8. When using original manuscript materials or photographs for papers, dissertations or publications, the Archives and Special Collections, Wilson Library, is to be cited as the source repository.
  9. Fragile books will not be copied.  Copying of rare books will be done at the discretion of the archives staff, by the archives staff.
  10. The researcher agrees not to place any materials copied for or by him/her in the Archives and Special Collections in any other library, archives, or manuscripts repository. 

Copyright Statement and Use Policies

The University of La Verne encourages the use of all items online for fair use purposes such as teaching, research, and private study. For materials in which the University is identified as the owner of copyright, permission to use those materials for purposes other than personal research, teaching and scholarly work may be granted by the curator for the particular collection, identified below. Permission is not necessary for fair uses; Archives and Special Collections requests, however, that fair uses include an appropriate notice of copyright and attribution. Works of the government of the United States and, in general, works created before 1923 are in the public domain and permission is not required to make use of these works.

For materials that are not in the public domain and in which the University does not hold copyright, it is the responsibility of the patron to determine whether a particular use requires permission. The University may not make such determinations for the patron. Section 107 of the U.S. Copyright law specifically authorizes the use of works protected by copyright without permission for "purposes such as criticism, comment, news reporting, teaching ..., scholarship or research."

Uses of materials that fall outside the scope of fair use may require the prior permission of the copyright owner who may also require payment of a fee or royalty. It is solely the patron's obligation to determine and ensure that use of material fully complies with copyright law and other possible restrictions on use. The holding repository will furnish what information it has, if any, regarding the owner of copyright and restrictions on the use of particular materials. The nature of archival materials may make it difficult, if not impossible, to identify the owner of copyright and restrictions on the use of some materials. The following resources may be helpful in determining if a particular use is fair and identifying the copyright owner and copyright status of a work:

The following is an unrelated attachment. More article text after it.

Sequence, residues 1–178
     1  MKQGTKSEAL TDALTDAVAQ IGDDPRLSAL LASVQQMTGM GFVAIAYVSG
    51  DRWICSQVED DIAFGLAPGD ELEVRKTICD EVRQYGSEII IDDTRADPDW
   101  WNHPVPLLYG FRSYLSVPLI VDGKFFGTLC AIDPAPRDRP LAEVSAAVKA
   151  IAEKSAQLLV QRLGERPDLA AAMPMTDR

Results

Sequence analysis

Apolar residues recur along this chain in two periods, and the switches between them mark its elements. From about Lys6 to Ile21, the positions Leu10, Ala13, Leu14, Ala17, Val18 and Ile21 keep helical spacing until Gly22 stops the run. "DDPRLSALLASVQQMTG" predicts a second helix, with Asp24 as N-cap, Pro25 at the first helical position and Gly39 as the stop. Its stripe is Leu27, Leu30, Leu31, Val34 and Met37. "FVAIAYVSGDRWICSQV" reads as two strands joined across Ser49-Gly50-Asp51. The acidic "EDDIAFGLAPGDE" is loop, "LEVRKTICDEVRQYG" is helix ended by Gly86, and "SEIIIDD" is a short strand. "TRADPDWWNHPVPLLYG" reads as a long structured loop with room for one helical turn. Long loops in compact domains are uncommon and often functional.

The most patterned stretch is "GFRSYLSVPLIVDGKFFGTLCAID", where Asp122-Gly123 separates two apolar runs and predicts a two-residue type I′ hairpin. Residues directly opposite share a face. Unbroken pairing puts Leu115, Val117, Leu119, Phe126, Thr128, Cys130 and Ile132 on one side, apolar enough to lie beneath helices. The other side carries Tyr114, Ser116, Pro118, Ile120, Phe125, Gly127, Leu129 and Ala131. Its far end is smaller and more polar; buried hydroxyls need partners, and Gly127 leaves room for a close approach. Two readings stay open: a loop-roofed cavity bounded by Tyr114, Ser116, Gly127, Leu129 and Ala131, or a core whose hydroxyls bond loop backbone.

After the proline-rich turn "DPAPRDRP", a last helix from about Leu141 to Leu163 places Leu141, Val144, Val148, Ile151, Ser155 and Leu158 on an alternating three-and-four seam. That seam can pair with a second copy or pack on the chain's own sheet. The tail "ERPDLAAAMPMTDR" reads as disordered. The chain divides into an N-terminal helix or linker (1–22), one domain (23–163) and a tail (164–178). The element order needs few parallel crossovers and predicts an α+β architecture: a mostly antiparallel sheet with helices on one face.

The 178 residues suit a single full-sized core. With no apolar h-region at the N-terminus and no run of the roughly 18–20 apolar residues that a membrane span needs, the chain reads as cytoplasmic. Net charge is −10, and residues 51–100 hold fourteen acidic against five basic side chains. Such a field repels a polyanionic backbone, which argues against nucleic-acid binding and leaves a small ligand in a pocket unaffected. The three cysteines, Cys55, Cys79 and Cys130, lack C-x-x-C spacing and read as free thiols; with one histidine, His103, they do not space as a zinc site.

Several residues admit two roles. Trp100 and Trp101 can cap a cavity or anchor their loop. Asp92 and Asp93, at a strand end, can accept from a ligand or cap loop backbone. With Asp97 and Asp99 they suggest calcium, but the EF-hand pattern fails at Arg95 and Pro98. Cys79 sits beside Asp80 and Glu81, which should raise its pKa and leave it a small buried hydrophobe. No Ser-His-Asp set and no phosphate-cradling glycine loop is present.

Digital Collections Take-Down Policy and Disclaimer

These digitized collections are accessible for purposes of education and research. We’ve indicated what we know about copyright and rights of privacy, publicity, or trademark. Due to the nature of archival and other collections, we are not always able to identify this information. We are eager to hear from any rights owners, so that we may obtain accurate information. Upon request, we’ll remove material from public view while we address a rights issue. See below for further information.


With all such communications, please include:


A physical or electronic signature of the copyright owner. NOTE: If an agent is providing the notification, also include a statement that the agent is authorized to act on behalf of the owner.

Identification of the material that is claimed to be infringing or to be the subject of infringing activity and that is to be removed or access to which is to be disabled, and information reasonably sufficient to permit the Library to locate the material. Providing URLs in your communication is the best way to help us locate content quickly.

The Library may work with the University counsel to make determinations about appropriate use. Depending on these determinations, the Library may restrict access to the work(s) in question or remove them from its systems. Removing the work(s) in question will result in the Library ceasing to provide long-term preservation resources to the digitized content. Parties who wish to contest the Library’s uses of specific works may, at their discretion, issue a DMCA take-down notice.



The University of La Verne makes digital versions of collections accessible in the following situations: they are in the public domain; the rights are owned by the University of La Verne; the University of La Verne has permission to make them accessible; Wilson Library at the University of La Verne has chosen to make them accessible for education and research purposes as a legal fair use; or, there are no known restrictions on use.